Restructuring the Web with Git by Simon St. Laurent.
From the post:
Web designers? Git? Github? Aren’t those for programmers? At Artifact, Christopher Schmitt showed designers how much their peers are already doing with Github, and what more they can do. Github (and the underlying Git toolset) changes the way that all kinds of people work together.
Sharing with Git
As amazing as Linux may be, I keep thinking that Git may prove to be Linux Torvalds’ most important contribution to computing. Most people think of it, if they think of it at all, as a tool for managing source code. It can do far more, though, providing a drastically different (and I think better) set of tools for managing distributed projects, especially those that use text.
Git tackles an unwieldy problem, managing the loosely structured documents that humans produce. Text files are incredibly flexible, letting us store everything from random notes to code of all kinds to tightly structured data. As awesome as text files are—readable, searchable, relatively easy to process—they tend to become a mess when there’s a big pile of them.
Simon makes a good argument for the version control and sharing aspects of Github.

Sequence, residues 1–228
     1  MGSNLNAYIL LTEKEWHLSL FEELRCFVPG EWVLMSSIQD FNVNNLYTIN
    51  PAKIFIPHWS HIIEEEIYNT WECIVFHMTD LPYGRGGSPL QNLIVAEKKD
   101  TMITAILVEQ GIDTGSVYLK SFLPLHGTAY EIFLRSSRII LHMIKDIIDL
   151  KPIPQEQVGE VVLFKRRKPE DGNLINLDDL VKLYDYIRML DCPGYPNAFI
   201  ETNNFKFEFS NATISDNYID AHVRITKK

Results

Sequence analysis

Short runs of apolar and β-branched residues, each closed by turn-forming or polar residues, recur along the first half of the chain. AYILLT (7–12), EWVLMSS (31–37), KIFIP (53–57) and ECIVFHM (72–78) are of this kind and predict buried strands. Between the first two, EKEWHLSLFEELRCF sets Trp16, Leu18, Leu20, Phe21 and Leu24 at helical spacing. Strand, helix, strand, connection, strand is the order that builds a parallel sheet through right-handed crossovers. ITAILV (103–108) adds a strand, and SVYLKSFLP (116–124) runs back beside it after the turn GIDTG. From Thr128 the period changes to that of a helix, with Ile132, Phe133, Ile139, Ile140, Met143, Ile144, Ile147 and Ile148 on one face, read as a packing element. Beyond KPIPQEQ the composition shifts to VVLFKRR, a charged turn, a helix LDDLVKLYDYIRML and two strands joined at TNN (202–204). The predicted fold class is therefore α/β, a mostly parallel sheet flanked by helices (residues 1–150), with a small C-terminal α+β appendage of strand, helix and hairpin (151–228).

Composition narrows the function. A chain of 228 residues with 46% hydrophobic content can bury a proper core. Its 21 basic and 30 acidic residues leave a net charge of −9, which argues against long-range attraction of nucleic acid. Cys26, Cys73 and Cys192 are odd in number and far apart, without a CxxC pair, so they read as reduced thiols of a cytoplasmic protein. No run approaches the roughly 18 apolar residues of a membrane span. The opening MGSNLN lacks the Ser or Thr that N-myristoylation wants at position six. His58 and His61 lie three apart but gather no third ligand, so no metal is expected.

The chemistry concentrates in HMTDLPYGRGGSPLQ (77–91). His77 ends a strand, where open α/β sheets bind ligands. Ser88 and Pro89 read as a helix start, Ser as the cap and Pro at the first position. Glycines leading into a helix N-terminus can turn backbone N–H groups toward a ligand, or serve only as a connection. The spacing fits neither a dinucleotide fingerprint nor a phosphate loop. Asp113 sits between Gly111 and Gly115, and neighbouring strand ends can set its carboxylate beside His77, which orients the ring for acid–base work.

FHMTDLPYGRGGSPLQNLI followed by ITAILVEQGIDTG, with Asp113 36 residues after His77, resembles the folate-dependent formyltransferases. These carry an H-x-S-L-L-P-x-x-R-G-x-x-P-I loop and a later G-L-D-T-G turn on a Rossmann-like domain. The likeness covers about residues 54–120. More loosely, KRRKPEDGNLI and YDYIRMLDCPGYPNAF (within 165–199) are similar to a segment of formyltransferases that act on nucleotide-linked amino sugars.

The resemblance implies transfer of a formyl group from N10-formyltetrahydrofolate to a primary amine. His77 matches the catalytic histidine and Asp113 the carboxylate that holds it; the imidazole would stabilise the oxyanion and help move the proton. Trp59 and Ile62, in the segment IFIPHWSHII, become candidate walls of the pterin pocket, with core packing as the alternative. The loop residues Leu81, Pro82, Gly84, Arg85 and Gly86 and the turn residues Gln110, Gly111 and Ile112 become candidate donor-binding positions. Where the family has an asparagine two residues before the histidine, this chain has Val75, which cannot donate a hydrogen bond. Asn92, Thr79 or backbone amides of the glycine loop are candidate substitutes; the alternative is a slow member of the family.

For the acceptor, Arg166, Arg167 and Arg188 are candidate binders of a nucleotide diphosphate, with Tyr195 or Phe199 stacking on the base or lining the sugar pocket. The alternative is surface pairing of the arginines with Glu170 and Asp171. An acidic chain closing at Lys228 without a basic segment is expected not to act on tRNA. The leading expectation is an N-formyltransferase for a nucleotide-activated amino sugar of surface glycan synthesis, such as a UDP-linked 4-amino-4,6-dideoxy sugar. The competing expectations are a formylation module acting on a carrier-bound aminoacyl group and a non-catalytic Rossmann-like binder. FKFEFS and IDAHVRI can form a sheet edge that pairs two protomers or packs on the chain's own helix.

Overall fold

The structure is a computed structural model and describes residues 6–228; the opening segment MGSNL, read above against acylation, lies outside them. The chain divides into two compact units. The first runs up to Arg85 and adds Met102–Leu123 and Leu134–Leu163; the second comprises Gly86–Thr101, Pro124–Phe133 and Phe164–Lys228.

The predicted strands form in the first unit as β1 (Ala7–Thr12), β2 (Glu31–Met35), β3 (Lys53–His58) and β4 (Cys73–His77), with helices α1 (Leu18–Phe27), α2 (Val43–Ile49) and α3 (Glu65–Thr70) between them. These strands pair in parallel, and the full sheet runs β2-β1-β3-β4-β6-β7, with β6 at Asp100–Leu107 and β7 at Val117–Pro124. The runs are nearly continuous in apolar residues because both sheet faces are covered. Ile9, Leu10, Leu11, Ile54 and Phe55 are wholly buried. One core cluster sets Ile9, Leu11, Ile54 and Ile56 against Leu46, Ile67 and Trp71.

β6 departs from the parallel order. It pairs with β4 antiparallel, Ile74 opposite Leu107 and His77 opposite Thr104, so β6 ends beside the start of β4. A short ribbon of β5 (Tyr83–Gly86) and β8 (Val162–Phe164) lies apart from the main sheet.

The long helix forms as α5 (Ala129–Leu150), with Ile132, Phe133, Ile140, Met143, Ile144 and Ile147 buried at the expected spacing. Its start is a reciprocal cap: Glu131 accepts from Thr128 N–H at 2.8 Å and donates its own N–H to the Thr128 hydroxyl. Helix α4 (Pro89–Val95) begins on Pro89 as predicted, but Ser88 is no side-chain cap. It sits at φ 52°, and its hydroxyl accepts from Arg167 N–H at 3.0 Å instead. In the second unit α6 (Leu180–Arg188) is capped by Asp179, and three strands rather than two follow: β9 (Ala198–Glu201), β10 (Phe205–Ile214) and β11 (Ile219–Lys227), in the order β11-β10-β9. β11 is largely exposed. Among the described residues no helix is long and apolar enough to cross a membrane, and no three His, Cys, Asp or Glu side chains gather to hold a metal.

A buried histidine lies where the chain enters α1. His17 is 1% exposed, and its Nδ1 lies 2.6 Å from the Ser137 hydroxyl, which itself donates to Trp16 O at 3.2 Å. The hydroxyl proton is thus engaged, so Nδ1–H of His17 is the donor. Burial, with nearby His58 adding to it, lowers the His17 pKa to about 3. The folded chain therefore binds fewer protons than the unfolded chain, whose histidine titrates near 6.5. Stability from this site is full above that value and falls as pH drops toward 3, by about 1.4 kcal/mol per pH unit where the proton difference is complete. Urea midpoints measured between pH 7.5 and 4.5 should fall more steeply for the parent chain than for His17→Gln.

But Github doesn’t offer any features (that I am aware of) to manage the semantics of the data stored at Github.
For example, if I search for “greek,” I am returned results that include the Greek language, Greek mythology, New Testament Greek, etc.
There are only four hundred and sixty-five (465) results as of today but even if I look at all of them, I have no reason to think I have found all the relevant resources.
For example, a search on Greek Mythology would miss:
Myths-and-myth-makers–Old-Tales-and-Superstitions-Interpreted-by-Comparative-Mythology_1061, which has one hundred and four (104) references to Greek gods/mythology.
Moreover, now having discovered this work should be returned on a search for Greek Mythology, how do I impart that knowledge to the system so that future users will find that work?
Github works quite well, but it has a ways to go before it improves on the finding of documents.